Those first six months was crucial for the future of strategic bombing, and for the notions of an independent air force.

Studying Coventry and the other large air strikes in Europe and Asia before America’s entry in WWII was Heywood S. “Possum” Hansell, an American Army Air Corps officer, a man with a long pedigree of service. Hansell was a member of the “Bomber Mafia,” a small group of vocal advocates of daylight precision air bombardment that included Henry H. “Hap” Arnold, Ira Eaker and Jimmy Doolittle. Hansell was the chief of the Foreign Intelligence Section in the Office of the Chief of the Air Corps, and responsible for writing two papers known as AWP-1 and AWP-42, outlining the Army Air Force’s plans for strategic air warfare against both Germany and Japan. As a reward for his work, Hansell was given the command of the 1st Bomb Wing, the B-17 component of the Eighth Air Force in England. Those first six months was crucial for the future of strategic bombing, and for the notions of an independent air force.  Hansell was also the architect of the Combined Bomber Offensive with the RAF.  Soon, hansell found himself shifted out of Europe and the Flying Fortresses to Asia and the Superfortresses, the B-29s. But Possum was a better staff man than he was a commander, and the multitude of serious command-level problems on Saipan, with the B-29, and with the completely new command arrangements (Twentieth Air Force was commanded from Washington).  As a result, Hansell was replaced by fellow Mafia member Curtis LeMay.  After the war Hansell held a number of minor, if important posts in training and administration, retiring from the Air Force for the last time in 1955.  Possum Hansell, the architect of the bombing campaigns in Europe and Asia, died in Hilton Head, South Carolina on 14 November, 1988.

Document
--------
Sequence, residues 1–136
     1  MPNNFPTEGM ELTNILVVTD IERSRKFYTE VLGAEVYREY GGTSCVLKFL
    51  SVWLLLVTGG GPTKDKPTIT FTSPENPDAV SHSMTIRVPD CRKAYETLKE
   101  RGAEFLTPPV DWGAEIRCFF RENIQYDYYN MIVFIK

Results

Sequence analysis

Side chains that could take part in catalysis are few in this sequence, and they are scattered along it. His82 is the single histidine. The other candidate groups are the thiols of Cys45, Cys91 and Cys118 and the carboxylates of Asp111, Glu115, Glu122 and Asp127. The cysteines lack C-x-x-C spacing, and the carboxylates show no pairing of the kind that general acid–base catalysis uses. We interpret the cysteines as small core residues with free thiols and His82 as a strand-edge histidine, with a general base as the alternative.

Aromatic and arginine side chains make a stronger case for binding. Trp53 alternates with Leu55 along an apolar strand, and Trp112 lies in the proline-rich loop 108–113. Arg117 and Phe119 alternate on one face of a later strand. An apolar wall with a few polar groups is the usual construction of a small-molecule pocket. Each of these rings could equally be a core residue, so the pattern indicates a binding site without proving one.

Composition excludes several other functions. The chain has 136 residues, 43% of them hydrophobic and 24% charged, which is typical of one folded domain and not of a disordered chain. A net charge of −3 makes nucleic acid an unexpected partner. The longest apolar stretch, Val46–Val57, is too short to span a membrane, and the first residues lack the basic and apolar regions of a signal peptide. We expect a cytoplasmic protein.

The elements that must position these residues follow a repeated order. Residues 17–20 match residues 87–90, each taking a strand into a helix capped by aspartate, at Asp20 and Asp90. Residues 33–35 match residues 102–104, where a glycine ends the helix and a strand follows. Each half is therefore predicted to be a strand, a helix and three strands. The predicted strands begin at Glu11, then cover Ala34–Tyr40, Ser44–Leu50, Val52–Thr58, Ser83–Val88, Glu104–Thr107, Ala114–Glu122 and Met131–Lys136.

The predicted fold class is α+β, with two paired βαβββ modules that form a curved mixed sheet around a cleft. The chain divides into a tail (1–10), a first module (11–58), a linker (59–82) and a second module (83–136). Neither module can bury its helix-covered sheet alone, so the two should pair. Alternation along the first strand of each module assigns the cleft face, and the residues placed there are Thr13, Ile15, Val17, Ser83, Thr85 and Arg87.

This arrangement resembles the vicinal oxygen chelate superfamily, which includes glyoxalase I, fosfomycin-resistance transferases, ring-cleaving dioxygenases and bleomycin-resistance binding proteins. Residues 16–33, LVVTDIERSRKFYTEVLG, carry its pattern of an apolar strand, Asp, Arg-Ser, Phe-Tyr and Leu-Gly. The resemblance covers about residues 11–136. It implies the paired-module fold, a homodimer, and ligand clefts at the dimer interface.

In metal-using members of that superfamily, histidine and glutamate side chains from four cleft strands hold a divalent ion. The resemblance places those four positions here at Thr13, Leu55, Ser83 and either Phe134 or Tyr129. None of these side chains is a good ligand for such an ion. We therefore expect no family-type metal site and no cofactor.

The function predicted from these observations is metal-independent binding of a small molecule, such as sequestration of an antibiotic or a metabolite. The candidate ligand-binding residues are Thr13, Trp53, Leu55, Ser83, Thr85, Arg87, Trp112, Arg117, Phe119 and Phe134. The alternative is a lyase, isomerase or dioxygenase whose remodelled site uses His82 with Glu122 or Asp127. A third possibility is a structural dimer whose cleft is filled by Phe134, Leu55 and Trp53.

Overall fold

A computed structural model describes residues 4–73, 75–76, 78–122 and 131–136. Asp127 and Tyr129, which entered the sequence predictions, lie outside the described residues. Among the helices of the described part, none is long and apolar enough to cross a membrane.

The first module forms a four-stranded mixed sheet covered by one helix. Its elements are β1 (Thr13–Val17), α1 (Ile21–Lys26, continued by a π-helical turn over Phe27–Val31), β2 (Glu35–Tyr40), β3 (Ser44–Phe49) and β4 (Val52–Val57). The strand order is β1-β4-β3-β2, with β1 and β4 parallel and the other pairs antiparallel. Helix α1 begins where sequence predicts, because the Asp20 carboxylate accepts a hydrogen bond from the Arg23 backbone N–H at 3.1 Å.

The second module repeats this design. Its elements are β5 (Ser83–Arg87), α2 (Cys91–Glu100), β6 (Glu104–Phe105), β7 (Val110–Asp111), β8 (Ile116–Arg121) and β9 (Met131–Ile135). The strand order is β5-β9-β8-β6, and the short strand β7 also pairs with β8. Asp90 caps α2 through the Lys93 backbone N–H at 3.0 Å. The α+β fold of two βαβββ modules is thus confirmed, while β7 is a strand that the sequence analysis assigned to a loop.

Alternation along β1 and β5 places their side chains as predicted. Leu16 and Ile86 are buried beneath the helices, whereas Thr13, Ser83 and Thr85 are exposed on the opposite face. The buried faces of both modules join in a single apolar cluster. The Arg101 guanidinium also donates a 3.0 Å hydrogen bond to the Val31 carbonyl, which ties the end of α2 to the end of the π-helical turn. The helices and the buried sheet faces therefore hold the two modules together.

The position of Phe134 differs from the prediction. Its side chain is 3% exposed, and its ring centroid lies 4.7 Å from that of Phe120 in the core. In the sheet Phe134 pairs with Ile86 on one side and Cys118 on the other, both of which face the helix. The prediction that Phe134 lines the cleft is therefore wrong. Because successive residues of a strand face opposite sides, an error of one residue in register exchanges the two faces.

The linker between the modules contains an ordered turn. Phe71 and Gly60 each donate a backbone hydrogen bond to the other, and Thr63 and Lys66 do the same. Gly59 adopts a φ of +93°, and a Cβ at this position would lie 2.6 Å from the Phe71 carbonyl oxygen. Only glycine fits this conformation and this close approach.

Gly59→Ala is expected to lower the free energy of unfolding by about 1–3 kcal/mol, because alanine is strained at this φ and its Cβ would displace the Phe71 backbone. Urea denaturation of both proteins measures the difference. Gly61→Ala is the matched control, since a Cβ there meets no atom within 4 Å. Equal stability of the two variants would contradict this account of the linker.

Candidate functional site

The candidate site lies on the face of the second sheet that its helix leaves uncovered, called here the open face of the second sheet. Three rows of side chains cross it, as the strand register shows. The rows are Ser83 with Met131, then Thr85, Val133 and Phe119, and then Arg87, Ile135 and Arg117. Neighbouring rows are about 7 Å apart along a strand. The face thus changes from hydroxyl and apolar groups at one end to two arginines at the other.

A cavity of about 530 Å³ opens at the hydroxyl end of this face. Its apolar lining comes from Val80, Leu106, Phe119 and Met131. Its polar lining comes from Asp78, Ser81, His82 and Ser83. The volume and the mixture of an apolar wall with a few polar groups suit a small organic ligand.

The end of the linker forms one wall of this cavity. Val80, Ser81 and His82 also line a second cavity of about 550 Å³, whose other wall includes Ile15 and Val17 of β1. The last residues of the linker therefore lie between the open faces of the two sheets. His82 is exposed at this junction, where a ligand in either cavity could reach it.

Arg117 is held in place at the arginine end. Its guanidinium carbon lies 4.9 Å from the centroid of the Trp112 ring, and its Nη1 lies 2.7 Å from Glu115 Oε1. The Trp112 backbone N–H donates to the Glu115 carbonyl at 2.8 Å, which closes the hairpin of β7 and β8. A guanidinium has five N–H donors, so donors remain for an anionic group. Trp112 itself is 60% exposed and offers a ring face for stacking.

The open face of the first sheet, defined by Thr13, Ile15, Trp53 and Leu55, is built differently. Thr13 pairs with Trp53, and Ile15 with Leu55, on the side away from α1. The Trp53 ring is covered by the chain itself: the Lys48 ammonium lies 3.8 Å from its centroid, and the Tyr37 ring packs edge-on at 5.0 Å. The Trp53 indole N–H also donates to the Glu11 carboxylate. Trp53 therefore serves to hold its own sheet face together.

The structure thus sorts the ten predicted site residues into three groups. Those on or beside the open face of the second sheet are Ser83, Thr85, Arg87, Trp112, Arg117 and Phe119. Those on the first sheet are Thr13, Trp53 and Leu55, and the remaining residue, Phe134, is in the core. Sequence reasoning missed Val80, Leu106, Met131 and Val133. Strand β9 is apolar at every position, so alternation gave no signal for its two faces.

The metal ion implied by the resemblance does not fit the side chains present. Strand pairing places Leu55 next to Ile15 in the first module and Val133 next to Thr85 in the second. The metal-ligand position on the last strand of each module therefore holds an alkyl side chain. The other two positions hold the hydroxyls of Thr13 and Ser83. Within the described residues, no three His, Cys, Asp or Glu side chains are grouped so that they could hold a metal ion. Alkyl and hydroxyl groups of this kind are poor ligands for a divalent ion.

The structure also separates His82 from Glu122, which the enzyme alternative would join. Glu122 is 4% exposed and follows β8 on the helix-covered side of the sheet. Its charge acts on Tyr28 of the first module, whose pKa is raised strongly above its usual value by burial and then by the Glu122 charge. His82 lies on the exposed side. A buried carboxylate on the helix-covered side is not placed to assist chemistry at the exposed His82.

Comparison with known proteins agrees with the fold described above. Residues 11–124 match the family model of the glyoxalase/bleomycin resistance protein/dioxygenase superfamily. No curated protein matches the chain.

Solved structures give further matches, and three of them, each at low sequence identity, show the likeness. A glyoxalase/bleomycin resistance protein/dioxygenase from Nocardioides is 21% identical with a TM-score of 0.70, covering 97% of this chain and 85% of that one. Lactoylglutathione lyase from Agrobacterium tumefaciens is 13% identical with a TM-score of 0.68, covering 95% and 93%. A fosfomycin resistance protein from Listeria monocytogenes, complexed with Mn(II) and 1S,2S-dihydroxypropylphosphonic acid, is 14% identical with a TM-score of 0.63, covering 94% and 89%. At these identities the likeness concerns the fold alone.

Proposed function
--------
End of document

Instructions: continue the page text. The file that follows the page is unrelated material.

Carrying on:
History was going to be made either way, but the outcome was, it was thought, in the bag for one side.

And so.  As Barack Obama told the assembled Republicans on 10 October 2010, “elections have consequences.” Last week, your intrepid researcher briefly discussed the then-upcoming election, where the United States was choosing between the first woman presidential candidate, Hillary Clinton, from a major party and the first non-politician, non-military candidate, Donald Trump, from another.  History was going to be made either way, but the outcome was, it was thought, in the bag for one side.  Except…it didn’t roll that way.  Much to nearly everyone’s surprise,  the political neophyte Donald Trump won the Electoral College, and rather resoundingly.  One of the (many) consequences of  this election is the almost-certain end of the Clinton family’s quarter-century of influence on national politics. Another will be that Trump, having very few political debt to pay, will be free to choose people who will do their jobs, not kowtow to others just to curry favor.  Once again, we shall see.

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One thought on “Eugene Ely, Coventry, Possum Hansell and the Consequences of Elections

  1. flooglestreet says:

    Trump may be free to pick people who will do their jobs, but he will also be free to pick people with axes to grind. I think he’s doing the latter.

    Like